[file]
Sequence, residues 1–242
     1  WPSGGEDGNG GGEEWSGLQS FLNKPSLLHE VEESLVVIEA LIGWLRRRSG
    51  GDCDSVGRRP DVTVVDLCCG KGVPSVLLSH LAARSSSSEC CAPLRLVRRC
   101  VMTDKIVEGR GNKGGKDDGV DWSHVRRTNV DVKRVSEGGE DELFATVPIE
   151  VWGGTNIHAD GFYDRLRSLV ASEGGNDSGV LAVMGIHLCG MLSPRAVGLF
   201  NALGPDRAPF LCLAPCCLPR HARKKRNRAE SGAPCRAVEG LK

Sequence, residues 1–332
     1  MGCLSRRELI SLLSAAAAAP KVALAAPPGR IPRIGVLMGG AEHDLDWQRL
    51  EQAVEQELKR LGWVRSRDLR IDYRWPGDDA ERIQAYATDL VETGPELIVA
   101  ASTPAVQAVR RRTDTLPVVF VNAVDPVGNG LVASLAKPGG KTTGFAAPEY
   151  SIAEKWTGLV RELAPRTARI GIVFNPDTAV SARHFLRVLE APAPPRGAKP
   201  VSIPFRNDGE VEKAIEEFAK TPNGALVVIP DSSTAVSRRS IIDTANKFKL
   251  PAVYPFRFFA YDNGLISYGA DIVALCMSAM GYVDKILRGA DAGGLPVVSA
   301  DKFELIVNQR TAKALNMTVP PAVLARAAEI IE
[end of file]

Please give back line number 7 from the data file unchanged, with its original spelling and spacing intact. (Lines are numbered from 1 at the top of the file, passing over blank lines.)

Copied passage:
Sequence, residues 1–332